Whitaker’s imprint can still be seen in Buena Park. Whitaker Street is named for him as is the James A. Whitaker Elementary School on Montana Avenue. The home of his brother, Andrew Whitaker, is now known as the Whitaker-Jaynes Estate, and has been restored and moved to become the cornerstone of Buena Park’s newly established Historical District.


Whitaker’s grave is located at Hollywood Forever in Section 7, behind the Griffith obelisk and facing the sandy path.



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Hollywood Cemetery

Saturday, February 20th, 2010


Beautiful Hollywood Cemetery…



By Allan R. Ellenberger


Someone once asked me what it would have cost to be buried at Hollywood Cemetery back in the early days. I have an ad for the cemetery from an old 1931 Los Angeles telephone directory that listed the prices for the various ways to be interred there.


Just as the cost of real estate in the living world depends on “Location, Location, Location,” the same holds true once you pass to the other side.


The ad qualifies the price by saying “and up” which probably means that it depends on where the “inurnment” is. For example, the price for crypts would depend where on the mausoleum wall it was. Crypts that are around eye level are usually more expensive than those at the top. The same would apply to niches. Outside graves would also depend on location: those that surround the lake would cost more than those in the rear of the property next to the wall. Remember, these are 1931 prices!


Mausoleum, private — $1,800 and up

Crypts — $225 and up

Family Plots — $162 and up

Graves, Single — $42.50

Cremation: Adults — $50 / Children — $10 to $25

Niches — $35.00 and up

Urns — $12.00 and up



 Hollywood Cemetery circa 1925 (LAPL)



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Gideon Curtis Moody at Hollywood Forever

Sunday, January 17th, 2010


Gideon Curtis Moody, first Senator of South Dakota, and former state justice


 Gideon Curtis Moody


By Allan R. Ellenberger


Gideon Curtis Moody was a forceful, brilliant speaker, a man who detested shams and subterfuges, whose professional and private reputation was stainless. He commanded the profound admiration of his neighbors and friends, and his vigorous, pleasing personality made him a figure of prominence in the Northwest. He was South Dakota’s first Senator and that states Moody County is named in his honor.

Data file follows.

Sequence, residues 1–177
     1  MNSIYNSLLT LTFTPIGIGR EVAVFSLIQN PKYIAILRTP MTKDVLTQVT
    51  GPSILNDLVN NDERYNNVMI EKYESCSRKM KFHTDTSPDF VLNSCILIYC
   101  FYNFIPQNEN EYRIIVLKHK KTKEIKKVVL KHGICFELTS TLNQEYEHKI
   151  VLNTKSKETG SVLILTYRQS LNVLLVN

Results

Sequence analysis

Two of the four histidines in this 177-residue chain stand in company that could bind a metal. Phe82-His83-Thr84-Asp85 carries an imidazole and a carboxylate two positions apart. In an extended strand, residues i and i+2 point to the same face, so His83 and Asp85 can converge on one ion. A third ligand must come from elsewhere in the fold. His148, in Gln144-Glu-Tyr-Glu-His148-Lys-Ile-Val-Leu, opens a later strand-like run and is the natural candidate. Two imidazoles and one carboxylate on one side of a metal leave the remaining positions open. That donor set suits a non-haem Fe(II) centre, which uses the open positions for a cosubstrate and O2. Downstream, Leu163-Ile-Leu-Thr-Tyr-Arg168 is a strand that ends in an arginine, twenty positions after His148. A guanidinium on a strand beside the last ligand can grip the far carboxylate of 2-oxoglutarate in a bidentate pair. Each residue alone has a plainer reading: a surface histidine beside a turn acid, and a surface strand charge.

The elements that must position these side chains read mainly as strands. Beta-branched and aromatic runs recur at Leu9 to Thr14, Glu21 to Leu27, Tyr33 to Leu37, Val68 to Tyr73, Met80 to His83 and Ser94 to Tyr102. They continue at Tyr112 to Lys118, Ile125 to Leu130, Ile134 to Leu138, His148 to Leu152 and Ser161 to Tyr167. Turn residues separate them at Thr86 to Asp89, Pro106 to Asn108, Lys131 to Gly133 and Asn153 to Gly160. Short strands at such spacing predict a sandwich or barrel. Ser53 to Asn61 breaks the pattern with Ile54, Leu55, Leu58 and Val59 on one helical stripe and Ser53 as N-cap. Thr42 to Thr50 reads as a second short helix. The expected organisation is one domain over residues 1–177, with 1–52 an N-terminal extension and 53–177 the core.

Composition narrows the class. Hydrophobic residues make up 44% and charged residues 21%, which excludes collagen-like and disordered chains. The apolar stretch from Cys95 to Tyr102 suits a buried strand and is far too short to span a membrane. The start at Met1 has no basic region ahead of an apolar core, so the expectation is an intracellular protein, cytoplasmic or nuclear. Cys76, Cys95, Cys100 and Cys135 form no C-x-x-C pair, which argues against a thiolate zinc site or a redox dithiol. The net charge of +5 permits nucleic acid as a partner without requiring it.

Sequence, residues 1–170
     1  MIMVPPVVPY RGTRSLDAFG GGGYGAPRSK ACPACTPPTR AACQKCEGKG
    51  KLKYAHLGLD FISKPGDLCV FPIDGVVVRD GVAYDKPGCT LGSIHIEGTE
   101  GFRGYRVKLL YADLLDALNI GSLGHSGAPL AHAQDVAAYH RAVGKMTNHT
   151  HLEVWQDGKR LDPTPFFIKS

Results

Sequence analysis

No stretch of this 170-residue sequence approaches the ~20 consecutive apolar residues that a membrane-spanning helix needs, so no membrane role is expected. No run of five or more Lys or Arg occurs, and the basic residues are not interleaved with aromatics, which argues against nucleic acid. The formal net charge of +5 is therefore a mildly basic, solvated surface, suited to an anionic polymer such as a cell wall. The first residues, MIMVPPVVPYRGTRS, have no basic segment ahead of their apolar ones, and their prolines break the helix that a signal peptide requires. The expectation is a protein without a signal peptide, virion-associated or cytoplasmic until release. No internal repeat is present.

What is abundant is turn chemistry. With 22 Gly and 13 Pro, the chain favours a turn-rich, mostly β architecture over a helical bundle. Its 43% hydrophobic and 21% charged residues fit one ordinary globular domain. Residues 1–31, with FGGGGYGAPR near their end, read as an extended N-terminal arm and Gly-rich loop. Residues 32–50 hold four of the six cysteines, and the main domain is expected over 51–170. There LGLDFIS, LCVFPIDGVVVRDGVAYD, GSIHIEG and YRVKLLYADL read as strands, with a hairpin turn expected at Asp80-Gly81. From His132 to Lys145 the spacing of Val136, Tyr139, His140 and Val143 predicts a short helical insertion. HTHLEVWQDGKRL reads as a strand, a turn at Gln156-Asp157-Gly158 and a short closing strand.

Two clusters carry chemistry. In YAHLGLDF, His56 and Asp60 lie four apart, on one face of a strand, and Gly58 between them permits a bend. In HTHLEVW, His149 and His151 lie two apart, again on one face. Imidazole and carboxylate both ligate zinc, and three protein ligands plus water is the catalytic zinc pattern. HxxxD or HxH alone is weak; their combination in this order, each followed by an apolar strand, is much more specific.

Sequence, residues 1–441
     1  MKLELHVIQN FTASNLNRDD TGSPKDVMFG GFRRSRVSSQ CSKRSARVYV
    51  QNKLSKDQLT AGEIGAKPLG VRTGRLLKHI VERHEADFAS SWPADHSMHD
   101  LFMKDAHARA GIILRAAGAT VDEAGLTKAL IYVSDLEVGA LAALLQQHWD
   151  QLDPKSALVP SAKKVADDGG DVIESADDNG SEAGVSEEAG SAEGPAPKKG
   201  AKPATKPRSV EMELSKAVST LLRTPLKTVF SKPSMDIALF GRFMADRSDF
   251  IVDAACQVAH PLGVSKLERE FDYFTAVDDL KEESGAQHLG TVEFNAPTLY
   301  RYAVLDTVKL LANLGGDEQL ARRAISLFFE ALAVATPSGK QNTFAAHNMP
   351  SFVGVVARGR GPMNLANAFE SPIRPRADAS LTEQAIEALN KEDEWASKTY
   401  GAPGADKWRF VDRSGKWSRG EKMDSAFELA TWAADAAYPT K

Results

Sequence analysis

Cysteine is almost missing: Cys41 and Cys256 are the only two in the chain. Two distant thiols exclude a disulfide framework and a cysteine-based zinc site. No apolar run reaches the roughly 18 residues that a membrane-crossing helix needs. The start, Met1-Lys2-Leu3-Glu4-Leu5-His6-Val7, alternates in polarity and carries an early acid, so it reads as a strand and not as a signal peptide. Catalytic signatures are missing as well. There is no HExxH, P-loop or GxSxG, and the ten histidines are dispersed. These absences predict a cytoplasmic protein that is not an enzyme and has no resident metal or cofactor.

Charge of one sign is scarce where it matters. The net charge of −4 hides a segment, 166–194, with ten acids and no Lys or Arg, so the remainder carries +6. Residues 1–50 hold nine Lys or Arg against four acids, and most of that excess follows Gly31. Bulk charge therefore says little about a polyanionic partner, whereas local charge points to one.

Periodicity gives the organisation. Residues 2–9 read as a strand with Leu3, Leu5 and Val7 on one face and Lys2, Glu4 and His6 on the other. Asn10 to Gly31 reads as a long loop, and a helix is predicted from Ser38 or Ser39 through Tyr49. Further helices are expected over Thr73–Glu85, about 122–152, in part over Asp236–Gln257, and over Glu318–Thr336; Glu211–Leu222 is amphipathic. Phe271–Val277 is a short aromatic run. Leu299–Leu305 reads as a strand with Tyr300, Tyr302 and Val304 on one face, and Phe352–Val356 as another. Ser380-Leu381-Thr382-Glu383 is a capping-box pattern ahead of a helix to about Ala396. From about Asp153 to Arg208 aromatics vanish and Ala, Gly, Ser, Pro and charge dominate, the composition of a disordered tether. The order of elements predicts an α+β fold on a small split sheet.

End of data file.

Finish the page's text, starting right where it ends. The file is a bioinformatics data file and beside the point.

Moody was born in Courtland, New York on October 16, 1832 where he spent his early years. He studied law at Syracuse and was admitted to the bar when he was only 21. He practiced law there and moved to New Albany, Indiana in 1852 and was appointed prosecuting attorney for Floyd County in 1854.


Moody married Helen Eliot of Syracuse on September 21, 1855. In 1860 he was elected to the Indiana State Legislature and served until the outbreak of the Civil War. In  April 1861 he enlisted in Co. G, Ninth Indiana Infantry and was commissioned a Captain. He was with that unit until the fall of 1862 when he was promoted to Colonel and assigned to the command of the Nineteenth United States Infantry, which was stationed at Indianapolis and Fort Wayne.


Moody was given a command at Murfreesboro, Tennessee and was named chief mustering officer with Major-General George H. Thomas.


After the Civil War he moved to Yankton, Dakota Territory and took an active part in the development of the Northwest. He was appointed associate justice of the Supreme Court by President Rutherford B. Hayes, and his district at that time comprised all the territory west of the Missouri River. He filled this position from 1878 to 1889.


On November 2,1889, as a Republican, he was elected the first United States Senator to the new state of South Dakota along with Senator Richard F. Pettigrew. He remained a senator until 1891. He was also a member of the Territorial Legislature for two years, and was Speaker of the House. He was a member of the State Constitutional Convention and was the first provisional Senator.


Moody’s specialty as judge was in corporation law and riparian rights and he ruled on many important cases. For many years he was the confidential attorney of the Homestake Gold Mining Company at Deadwood, South Dakota, which was the richest gold mining corporation in the world, and of interest to then Senator George Hearst, the father of William Randolph Hearst. Until his death, Moody was the confidential attorney of Hearst’s mother, Phoebe.


Around 1899, Moody began making occasional visits to Los Angeles and found the climate beneficial to his health. After his daughter and her husband settled here he spent the last nine months of his life with her while building an elegant mansion next door at 1019 Beacon Street. He and his wife moved into their new home only two months before his death.